The Remote Authentication Dial-In User Service (RADIUS) protocol was
developed by Livingston Enterprises, Inc., as an access server authentication
and accounting protocol. The RADIUS specification
obsoletes RFC 2138. The RADIUS accounting standard
obsoletes RFC 2139.
There are no specific prerequisites for this document.
This document is not restricted to specific software and hardware
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Cisco Technical Tips
Communication between a network access server (NAS) and a RADIUS server
is based on the User Datagram Protocol (UDP). Generally, the RADIUS protocol is
considered a connectionless service. Issues related to server availability,
retransmission, and timeouts are handled by the RADIUS-enabled devices rather
than the transmission protocol.
RADIUS is a client/server protocol. The RADIUS client is typically a
NAS and the RADIUS server is usually a daemon process running on a UNIX or
Windows NT machine. The client passes user information to designated RADIUS
servers and acts on the response that is returned. RADIUS servers receive user
connection requests, authenticate the user, and then return the configuration
information necessary for the client to deliver service to the user. A RADIUS
server can act as a proxy client to other RADIUS servers or other kinds of
This figure shows the interaction between a dial-in user and the RADIUS
client and server.
User initiates PPP authentication to the NAS.
NAS prompts for username and password (if Password Authentication
Protocol [PAP]) or challenge (if Challenge Handshake Authentication Protocol
RADIUS client sends username and encrypted password to the RADIUS
RADIUS server responds with Accept, Reject, or
The RADIUS client acts upon services and services parameters bundled
with Accept or Reject.
The RADIUS server can support a variety of methods to authenticate a
user. When it is provided with the username and original password given by the
user, it can support PPP, PAP or CHAP, UNIX login, and other authentication
Typically, a user login consists of a query (Access-Request) from the
NAS to the RADIUS server and a corresponding response (Access-Accept or
Access-Reject) from the server. The Access-Request packet contains the
username, encrypted password, NAS IP address, and port. The early deployment of
RADIUS was done using UDP port number 1645, which conflicts with the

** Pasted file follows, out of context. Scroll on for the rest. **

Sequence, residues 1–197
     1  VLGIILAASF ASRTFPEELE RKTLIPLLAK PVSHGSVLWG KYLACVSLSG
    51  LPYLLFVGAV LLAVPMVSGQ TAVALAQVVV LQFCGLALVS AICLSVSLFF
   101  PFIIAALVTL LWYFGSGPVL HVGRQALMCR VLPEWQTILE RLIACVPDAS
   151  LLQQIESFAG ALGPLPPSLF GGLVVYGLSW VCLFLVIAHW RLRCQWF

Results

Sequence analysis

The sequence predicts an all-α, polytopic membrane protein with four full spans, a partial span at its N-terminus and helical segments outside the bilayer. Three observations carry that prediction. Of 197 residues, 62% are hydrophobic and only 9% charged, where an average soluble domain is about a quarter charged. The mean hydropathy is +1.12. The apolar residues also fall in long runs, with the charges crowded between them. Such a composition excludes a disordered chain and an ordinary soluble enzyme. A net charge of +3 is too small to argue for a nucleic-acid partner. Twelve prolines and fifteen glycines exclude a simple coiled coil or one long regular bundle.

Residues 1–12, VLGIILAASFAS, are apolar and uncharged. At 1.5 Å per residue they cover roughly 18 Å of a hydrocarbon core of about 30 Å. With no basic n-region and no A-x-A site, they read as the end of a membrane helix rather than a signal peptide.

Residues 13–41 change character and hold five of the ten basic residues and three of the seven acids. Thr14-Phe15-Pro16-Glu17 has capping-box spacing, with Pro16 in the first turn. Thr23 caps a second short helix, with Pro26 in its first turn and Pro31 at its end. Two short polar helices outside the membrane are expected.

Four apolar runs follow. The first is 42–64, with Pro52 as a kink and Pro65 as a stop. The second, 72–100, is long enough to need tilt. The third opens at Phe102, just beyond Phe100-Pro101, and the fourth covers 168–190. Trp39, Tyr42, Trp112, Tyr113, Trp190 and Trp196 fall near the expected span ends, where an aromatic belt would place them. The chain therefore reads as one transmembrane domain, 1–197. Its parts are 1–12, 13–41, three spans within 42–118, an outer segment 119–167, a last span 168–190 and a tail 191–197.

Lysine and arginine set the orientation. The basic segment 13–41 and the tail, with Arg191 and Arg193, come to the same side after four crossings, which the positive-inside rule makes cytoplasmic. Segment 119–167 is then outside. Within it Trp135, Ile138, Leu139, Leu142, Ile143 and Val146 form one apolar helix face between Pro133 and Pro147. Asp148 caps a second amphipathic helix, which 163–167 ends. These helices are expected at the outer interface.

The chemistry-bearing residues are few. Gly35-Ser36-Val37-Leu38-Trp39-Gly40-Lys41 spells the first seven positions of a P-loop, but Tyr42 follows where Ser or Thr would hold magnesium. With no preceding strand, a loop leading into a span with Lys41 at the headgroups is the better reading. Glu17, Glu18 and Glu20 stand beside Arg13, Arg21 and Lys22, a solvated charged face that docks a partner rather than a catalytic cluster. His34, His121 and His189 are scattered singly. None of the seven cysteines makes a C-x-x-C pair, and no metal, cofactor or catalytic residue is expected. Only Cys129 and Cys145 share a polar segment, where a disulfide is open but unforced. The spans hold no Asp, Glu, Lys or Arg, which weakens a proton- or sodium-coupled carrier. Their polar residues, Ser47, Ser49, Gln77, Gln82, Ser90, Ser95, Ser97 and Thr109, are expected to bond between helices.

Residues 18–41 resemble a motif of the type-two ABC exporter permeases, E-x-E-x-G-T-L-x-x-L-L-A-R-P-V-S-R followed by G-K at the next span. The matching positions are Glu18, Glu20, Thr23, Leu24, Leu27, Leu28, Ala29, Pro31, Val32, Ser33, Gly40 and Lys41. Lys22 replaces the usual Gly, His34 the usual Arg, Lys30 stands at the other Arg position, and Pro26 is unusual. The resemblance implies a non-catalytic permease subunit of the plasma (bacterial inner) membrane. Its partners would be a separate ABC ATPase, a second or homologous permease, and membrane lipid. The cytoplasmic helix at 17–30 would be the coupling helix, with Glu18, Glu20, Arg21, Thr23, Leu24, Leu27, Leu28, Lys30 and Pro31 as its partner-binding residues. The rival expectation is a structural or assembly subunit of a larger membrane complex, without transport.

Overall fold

"datametrics" service. Because of this conflict, RFC 2865 officially assigned
port number 1812 for RADIUS. Most Cisco devices and applications offer support
for either set of port numbers. The format of the request also provides
information about the type of session that the user wants to initiate. For
example, if the query is presented in character mode, the inference is
"Service-Type = Exec-User," but if the request is presented in PPP packet mode,
the inference is "Service Type = Framed User" and "Framed Type = PPP."
When the RADIUS server receives the Access-Request from the NAS, it
searches a database for the username listed. If the username does not exist in
the database, either a default profile is loaded or the RADIUS server
immediately sends an Access-Reject message. This Access-Reject message can be
accompanied by a text message indicating the reason for the refusal.
In RADIUS, authentication and authorization are coupled together. If
the username is found and the password is correct, the RADIUS server returns an
Access-Accept response, including a list of attribute-value pairs that describe
the parameters to be used for this session. Typical parameters include service
type (shell or framed), protocol type, IP address to assign the user (static or
dynamic), access list to apply, or a static route to install in the NAS routing
table. The configuration information in the RADIUS server defines what will be
installed on the NAS. The figure below illustrates the RADIUS authentication
and authorization sequence.
The accounting features of the RADIUS protocol can be used
independently of RADIUS authentication or authorization. The RADIUS accounting
functions allow data to be sent at the start and end of sessions, indicating
the amount of resources (such as time, packets, bytes, and so on) used during
the session. An Internet service provider (ISP) might use RADIUS access control
and accounting software to meet special security and billing needs. The
accounting port for RADIUS for most Cisco devices is 1646, but it can also be
1813 (because of the change in ports as specified in
Transactions between the client and RADIUS server are authenticated
through the use of a shared secret, which is never sent over the network. In
addition, user passwords are sent encrypted between the client and RADIUS
server to eliminate the possibility that someone snooping on an insecure
network could determine a user's password.